‘We have to accept that the elaborate productions required by nineteenth century opera composers are no longer viable in present day economic circumstances’, comments Richard Farnes as he opens his final year as Music Director of Opera North with Puccini’s The Girl of the Golden West.
‘The aim of the company has always been to offer leading theatre directors the opportunity to look afresh at operas, and maybe the media has picked up on some high profile productions that have updated the action to modern times, but it is Opera North’s aim to have a balance of updated and traditional productions.’
‘That is true of Aletta Collins’ new staging of Puccini’s American opera where she has brought the story forward to the end of the gold rush, while keeping within the framework of the original scenario with plenty of beer bottles and guns around as despondent miners drown their sorrows in alcohol.’
Farnes’ appointment as music director coincided with the changes the company were making to their infrastructure, the building of rehearsal facilities and administration offices next to the Grand Theatre creating a company atmosphere of international aspirations.
‘It has physically changed everything we do, and has made the company highly cost-effective, though we like to think that on a personal level we have retained the family atmosphere. We have never been large enough to create a resident group of soloists, but we come close by regularly inviting back singers, such as Josephine Barstow and John Tomlinson. who have become internationally famous since appearing with the company in its early years.’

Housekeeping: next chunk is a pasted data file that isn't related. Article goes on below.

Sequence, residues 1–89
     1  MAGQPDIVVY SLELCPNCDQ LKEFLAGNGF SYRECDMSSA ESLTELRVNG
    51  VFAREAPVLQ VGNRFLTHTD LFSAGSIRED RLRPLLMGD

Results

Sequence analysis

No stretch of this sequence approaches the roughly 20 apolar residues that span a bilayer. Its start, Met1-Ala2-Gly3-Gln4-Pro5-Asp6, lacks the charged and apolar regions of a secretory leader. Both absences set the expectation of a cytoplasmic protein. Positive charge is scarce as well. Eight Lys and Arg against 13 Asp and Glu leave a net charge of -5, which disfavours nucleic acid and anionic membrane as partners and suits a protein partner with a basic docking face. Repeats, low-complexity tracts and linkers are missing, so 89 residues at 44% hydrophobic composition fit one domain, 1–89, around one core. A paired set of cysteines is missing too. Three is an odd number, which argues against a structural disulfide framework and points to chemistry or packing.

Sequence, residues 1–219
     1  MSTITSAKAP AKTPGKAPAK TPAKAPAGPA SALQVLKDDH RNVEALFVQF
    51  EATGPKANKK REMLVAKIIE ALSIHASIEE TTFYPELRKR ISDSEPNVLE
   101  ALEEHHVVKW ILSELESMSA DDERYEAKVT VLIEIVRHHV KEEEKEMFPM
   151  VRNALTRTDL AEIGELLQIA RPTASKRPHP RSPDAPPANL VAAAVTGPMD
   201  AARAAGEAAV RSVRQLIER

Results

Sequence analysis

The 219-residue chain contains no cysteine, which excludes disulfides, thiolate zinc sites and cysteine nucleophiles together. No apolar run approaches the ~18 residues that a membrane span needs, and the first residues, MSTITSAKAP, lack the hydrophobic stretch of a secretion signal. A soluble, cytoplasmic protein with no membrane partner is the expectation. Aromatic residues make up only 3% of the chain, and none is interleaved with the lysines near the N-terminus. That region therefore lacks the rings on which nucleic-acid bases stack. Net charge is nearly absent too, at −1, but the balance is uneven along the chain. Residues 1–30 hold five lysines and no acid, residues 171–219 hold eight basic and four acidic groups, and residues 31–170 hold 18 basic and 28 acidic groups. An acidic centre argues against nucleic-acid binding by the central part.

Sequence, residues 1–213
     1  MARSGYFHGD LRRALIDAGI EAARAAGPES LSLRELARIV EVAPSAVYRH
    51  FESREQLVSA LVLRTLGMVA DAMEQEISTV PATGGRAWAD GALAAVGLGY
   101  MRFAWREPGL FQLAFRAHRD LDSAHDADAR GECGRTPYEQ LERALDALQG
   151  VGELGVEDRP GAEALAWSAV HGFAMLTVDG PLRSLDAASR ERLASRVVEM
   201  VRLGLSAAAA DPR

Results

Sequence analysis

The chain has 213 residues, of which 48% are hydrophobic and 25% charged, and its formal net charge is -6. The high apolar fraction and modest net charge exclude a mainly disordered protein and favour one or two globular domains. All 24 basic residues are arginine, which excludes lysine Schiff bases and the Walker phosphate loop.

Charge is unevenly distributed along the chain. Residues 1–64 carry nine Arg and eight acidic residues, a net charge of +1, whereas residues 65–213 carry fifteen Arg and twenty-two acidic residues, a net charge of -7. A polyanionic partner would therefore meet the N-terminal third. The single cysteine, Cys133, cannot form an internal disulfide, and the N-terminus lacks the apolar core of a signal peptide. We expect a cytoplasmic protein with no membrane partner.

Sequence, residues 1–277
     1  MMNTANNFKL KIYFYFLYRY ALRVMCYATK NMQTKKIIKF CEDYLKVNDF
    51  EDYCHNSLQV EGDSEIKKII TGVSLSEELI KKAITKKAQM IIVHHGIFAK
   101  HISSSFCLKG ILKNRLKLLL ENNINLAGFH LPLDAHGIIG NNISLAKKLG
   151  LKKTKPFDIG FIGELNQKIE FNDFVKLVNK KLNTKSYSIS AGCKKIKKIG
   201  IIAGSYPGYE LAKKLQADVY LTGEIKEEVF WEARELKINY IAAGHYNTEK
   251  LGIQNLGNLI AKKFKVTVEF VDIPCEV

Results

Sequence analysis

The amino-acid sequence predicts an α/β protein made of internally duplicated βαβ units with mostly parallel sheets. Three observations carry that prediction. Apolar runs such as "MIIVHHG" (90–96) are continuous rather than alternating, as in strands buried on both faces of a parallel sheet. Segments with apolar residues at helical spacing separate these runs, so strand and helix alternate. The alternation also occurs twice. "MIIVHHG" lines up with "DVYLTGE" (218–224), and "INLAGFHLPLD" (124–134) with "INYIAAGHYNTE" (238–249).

That is particularly true of the cast for Girl of the Golden West, the leading role of Minnie taken by the internationally acclaimed Alwyn Mellor who first appeared with Opera North back in 1998, while three company stalwarts, Rafael Rojas as Dick Johnson; Robert Hayward as the disenchanted Sherriff, and Bonaventura Bottone as Nick, complete the major roles.
‘It is one of Puccini’s most demanding orchestral parts,’ Farnes continues, ‘and we are fortunate in having an outstanding group of musicians, and the only British opera orchestra that regularly appears on the concert stage. With that ever-changing repertoire it has been able to attract some of our finest young players.’
Last October marked the bicentenary of Verdi’s birth, Opera North now joining the celebrations with a revival of Tim Albery’s bleak and chilling 2008 production of Macbeth.
In the midst of this murderous mayhem comes the ultimate present for Valentine’s Day with an evening ‘From Paris with Love’, as three opera stars, Jeni Bern, Peter Auty and Geoffrey Dalton, go on a ‘city by night’ tour from the glamour of the Paris Garnier to the cabarets of the Latin Quarter. Their programme of music journeys through opera favourites by Puccini, Massenet and Offenbach, to the songs of love and heartbreak popularised by Edith Piaf.
Remaining in Paris, a re-run of Phyllida Lloyd’s version of Puccini’s La Boheme takes the story to the city in the 1950’s, and offers a double-cast run from the end of April through early May, with singers chosen to replicate the young Bohemians of the original story.
Almost prophetically Gotterdammerung, which relates the demise of the Gods in the last installment of Wagner’s The Ring, marks Farnes’ final opera as part of the company, and he dispels many rumours floating around that 2015 will see complete Ring cycles, though he hopes at some time in the future the idea may resurface.
Farnes recalls that he has already conducted more operas with the company than anyone before him.
‘My present contract ends this coming August, and I felt that after ten years the time was right for me to move on to new pastures that will probably include more time in the concert hall. I am sure that the company will welcome a new face to continue its many years of outstanding success.